Electric Vehicles (EVs) are nothing new, but also this trend is not really a trend at all. Electric Vehicles look like they will soon become the norm, as more nations are committing to significantly reducing or completely eliminating traditional International Combustion Engine (ICE) vehicle within the next decade.

The United Kingdom announced in November 2020 that as part of a green industrial revolution, it would stop the sale of gasoline and diesel vehicles by 2035, with plans for significant reduction starting in 2030. As the automotive industry tends to plan for regulation changes with designs of new vehicle models well ahead of time, we are likely to see more vehicle manufacturers committing to design and manufacture of battery electric vehicles (BEVs). In fact, Bentley, luxury vehicle maker, announced that it would stop making ICE vehicles by 2030, with an added commitment to be carbon neutral at the same time.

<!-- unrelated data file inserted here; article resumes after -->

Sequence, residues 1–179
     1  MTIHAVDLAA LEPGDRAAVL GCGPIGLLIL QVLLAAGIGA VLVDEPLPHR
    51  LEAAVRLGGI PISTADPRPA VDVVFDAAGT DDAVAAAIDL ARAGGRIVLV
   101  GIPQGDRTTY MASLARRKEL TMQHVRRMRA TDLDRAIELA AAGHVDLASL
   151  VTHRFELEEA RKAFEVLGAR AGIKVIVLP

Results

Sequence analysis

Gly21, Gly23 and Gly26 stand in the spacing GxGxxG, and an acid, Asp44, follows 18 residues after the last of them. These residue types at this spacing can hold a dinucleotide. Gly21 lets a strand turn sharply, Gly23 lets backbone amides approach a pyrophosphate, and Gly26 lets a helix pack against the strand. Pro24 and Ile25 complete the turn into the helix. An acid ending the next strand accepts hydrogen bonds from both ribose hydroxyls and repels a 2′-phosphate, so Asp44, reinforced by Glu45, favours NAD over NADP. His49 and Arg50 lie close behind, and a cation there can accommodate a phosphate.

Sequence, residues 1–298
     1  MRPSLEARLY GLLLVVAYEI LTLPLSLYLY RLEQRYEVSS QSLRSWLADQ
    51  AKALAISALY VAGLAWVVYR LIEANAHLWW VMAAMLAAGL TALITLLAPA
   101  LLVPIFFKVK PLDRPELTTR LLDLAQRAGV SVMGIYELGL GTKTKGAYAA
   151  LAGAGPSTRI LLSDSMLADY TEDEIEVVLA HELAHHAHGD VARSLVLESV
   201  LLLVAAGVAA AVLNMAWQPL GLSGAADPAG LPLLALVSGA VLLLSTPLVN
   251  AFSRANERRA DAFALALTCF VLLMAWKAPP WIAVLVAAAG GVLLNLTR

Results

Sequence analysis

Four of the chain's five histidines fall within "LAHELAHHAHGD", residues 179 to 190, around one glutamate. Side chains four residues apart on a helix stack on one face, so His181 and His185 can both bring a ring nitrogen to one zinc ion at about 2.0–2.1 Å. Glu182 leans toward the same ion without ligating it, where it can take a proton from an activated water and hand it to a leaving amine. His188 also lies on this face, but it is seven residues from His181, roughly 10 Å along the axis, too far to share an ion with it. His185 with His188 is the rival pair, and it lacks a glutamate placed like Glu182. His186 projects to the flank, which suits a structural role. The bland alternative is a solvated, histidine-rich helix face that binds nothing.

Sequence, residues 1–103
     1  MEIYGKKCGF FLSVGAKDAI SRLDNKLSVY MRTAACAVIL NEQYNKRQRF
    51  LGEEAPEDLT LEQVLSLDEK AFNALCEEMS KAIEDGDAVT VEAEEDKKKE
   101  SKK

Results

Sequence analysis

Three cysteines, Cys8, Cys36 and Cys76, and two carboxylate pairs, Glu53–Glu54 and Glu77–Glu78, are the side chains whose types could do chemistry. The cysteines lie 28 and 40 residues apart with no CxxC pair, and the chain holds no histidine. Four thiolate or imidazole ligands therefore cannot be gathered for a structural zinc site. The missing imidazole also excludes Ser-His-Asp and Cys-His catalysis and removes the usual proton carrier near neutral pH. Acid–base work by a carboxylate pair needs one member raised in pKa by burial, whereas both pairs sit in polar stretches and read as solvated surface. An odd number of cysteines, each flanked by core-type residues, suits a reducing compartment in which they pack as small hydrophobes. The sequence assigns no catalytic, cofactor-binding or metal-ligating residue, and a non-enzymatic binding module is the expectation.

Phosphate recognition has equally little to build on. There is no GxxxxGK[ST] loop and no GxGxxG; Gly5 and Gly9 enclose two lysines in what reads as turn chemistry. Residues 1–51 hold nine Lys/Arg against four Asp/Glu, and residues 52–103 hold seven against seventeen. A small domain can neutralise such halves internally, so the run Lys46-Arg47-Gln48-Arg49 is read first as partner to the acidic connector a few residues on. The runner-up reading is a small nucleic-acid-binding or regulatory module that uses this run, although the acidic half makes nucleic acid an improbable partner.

These types of proclamations by nations and vehicle manufacturers are likely to continue as the pressure to go electric by regulations as well as the environment continue to grow.

4. Resurgence of Mobility-as-a-Service
COVID-19 threw a wrench in some mobility services like ride-sharing, but services have been quick to adjust their business models. For example, several delivery services have hopped on the bandwagon, providing contactless, robot or autonomous delivery pods to ensure that businesses and consumers can safely exchange goods. As cities and nations scramble for transport alternatives alongside the hopes for a widely-distributed vaccine, Mobility-as-a-Service solutions are likely to make a resurgence in 2021. Analysts report that MaaS business models are set to exceed 52 billion USD by 2027, even with the aftereffects of 2020.

This rebound will not only jumpstart the competition in the MaaS industry, but it also pressures connectivity providers to ensure that networks are ready to support the sheer quantity of connections. Lost or delayed connections not only mean a deficit in revenue, but while on the road connectivity is key to ensuring safety for all of those involved.